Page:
"Addressing life's challenges in Cape Town's flooded shacklands calls for communities and the municipality to work together, new research from the African Centre for Cities has found."
Implemented in the Cape Flats, a low-lying coastal zone outside Cape Town, South Africa, the FliCCR Flooding in Cape Town under Climate Risk (FliCCR) project was a 3-year research effort to explore how such shacklands can best implement effective decision-making processes within the context of climate change adaptation and high levels of informality. Past city efforts to upgrade the infrastructure, such as public toilets and improved sanitation and stormwater drains, have failed because communities were not consulted or involved in the efforts. Thus, the University of Cape Town's (UCT) African Centre for Cities (ACC) and partner departments studied how communities and the municipality can work together to implement effective solutions to the impacts of climate change. This project report shares the results of the research, which was funded by the International Development Research Centre (IDRC) and the United Kingdom Department for International Development (DFID) as part of the Climate Change Adaptation in Africa programme.
The researchers explain that, while the state used to force people of colour to settle in the Cape Flats under the apartheid regime, the area now attracts migrants from the economically poorer countryside. Tens of thousands live in cramped conditions, in low-cost formally registered houses, or in rickety squatter camps. When the winter rains come to this natural wetland, the high water table seeps up, pooling in and around houses, where it will stagnate for days. Even in the formally housed areas, where the wetland has been tarred over and cemented in, stormwater drains back up; debris and household waste then flood the streets and nearby homes and businesses. One resident, Bomkazi Sokhaya, says he lives with sewage-tainted water seeping into his home. The municipality's portable toilets are not emptied regularly, leaving many residents to use buckets as toilets, which they empty into the standing water near Sokhaya's home.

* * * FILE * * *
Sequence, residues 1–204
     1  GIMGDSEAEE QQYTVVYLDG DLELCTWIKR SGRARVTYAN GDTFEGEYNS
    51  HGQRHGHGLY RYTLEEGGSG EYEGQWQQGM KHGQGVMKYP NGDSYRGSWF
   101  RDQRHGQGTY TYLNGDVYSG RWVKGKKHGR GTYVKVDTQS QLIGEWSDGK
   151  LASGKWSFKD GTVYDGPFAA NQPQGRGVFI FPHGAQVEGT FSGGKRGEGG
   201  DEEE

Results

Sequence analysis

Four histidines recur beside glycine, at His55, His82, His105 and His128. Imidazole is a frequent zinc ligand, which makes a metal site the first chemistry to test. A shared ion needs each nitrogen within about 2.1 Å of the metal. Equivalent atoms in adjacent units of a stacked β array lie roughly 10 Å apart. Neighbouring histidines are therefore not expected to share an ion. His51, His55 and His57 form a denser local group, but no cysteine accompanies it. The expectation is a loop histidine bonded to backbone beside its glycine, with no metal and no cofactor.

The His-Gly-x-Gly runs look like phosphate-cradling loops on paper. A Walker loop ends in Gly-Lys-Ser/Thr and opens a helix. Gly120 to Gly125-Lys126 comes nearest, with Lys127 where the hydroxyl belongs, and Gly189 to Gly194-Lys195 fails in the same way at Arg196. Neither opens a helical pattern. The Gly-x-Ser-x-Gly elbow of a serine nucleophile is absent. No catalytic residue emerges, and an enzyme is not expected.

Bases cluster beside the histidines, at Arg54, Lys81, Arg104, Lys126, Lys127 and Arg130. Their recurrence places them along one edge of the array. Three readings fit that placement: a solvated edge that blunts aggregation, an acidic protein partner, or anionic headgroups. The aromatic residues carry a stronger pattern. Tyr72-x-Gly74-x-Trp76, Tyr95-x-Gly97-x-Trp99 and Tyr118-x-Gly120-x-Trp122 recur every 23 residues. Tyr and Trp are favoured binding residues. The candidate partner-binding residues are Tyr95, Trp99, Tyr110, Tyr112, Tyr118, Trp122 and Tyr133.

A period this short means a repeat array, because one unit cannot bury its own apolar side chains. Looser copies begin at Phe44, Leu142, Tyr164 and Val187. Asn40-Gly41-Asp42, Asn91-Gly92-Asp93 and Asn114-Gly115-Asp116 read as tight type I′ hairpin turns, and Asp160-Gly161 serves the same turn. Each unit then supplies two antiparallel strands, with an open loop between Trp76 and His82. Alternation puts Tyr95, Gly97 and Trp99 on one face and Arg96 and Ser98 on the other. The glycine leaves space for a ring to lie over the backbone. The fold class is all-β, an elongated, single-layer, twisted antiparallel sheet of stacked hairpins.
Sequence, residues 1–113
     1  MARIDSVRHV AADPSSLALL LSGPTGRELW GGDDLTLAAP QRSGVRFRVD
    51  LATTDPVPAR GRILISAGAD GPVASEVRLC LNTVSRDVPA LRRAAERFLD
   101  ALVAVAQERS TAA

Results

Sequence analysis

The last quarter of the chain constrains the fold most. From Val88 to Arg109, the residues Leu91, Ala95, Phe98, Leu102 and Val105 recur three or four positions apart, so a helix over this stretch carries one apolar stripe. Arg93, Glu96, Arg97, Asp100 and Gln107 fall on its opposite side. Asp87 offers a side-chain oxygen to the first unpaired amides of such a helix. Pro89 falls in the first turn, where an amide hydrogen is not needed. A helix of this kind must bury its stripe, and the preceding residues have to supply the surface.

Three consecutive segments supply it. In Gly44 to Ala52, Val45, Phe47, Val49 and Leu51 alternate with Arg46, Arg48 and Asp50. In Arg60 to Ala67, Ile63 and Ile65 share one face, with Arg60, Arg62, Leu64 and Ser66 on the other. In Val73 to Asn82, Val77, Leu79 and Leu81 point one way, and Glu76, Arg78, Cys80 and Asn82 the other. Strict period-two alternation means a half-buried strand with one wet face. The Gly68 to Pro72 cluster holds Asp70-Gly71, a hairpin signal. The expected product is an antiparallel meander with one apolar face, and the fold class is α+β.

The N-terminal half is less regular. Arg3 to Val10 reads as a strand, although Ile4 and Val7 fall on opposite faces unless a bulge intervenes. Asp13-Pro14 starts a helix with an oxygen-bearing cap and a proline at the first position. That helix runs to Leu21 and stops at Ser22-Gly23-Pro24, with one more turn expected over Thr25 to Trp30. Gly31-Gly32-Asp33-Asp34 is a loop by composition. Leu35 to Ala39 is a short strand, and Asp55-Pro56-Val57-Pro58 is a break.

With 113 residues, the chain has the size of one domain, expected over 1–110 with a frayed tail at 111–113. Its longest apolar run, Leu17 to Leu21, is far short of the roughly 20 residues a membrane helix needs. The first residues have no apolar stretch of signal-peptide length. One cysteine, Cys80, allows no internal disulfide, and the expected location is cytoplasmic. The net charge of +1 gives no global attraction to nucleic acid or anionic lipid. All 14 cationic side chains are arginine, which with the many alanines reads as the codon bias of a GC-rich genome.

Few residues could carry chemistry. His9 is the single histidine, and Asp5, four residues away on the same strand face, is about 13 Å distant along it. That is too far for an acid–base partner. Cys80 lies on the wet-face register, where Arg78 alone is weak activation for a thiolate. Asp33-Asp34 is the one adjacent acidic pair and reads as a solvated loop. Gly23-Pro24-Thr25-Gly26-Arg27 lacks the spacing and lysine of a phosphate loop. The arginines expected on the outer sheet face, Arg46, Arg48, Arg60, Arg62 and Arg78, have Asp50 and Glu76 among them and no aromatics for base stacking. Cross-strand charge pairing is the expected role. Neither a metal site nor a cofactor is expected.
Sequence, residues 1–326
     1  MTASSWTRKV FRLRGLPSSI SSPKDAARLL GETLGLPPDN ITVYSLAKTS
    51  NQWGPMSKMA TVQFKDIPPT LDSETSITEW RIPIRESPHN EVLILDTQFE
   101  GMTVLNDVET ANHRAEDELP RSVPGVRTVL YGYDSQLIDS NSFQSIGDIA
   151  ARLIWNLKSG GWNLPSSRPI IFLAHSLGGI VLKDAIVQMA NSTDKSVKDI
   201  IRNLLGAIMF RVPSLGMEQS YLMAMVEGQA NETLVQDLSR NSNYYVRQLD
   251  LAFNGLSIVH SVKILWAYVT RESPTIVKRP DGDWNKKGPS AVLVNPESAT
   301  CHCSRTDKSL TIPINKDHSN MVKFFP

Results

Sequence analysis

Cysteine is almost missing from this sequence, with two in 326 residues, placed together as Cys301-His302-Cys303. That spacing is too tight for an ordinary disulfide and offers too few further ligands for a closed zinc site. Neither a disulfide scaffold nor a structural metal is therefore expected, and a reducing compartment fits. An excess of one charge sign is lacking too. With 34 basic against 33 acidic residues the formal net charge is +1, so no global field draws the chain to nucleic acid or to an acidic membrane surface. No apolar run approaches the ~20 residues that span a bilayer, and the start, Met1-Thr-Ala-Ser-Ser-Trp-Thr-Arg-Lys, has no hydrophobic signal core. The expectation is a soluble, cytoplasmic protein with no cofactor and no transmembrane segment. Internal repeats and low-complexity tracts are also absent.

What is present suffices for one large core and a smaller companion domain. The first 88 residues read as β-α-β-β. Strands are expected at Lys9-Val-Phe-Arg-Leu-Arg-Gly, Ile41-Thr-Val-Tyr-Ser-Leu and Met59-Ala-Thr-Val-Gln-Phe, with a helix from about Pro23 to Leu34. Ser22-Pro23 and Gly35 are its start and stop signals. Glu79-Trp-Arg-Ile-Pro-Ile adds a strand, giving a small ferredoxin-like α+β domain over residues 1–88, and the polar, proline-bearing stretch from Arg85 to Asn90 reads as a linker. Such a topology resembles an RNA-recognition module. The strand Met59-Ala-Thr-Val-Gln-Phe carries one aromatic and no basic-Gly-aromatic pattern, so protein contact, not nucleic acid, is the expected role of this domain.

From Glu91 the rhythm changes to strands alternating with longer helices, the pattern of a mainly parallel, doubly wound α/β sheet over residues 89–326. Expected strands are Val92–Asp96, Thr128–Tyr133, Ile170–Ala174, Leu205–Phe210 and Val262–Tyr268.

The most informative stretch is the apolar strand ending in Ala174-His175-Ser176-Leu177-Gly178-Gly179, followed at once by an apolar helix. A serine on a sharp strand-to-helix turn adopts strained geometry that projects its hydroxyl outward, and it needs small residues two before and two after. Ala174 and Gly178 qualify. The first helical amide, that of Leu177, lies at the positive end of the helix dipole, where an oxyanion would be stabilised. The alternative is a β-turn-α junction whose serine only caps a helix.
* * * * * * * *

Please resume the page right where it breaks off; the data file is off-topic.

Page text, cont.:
"Our work shows that there needs to be better collaboration between different sectors. That includes the different local government departments, civil society organizations - which may help with food and blanket distribution during a flood event - and volunteer leaders from within the communities themselves," explains Gina Ziervogel, senior lecturer in UCT's Environmental and Geographical Science Department. The work by her colleague Laura Drivdal, from UCT's Centre of Criminology, highlights the difficulties of community-level governance. Communities are often represented by committees, whose members are drawn from voluntary activists. Their role is to address issues such as safety and neighbourhood development and to negotiate with external actors such as local government, ward councillors, and civil society organisations. The expectations of these volunteer committee members can be unrealistically high, she says. Their community expects them to sway local authorities' decision-making processes. Meanwhile, local authorities expect them to rally the community together at workshops and meetings. In many cases, these community leaders don't wield nearly as much influence as they are expected to.
The researchers have developed a series of recommendations to guide the city's work with communities. They recommend for example, that it ensure transparency and report back to communities to avoid suspicions that could lead to conflict. They indicate that there should be: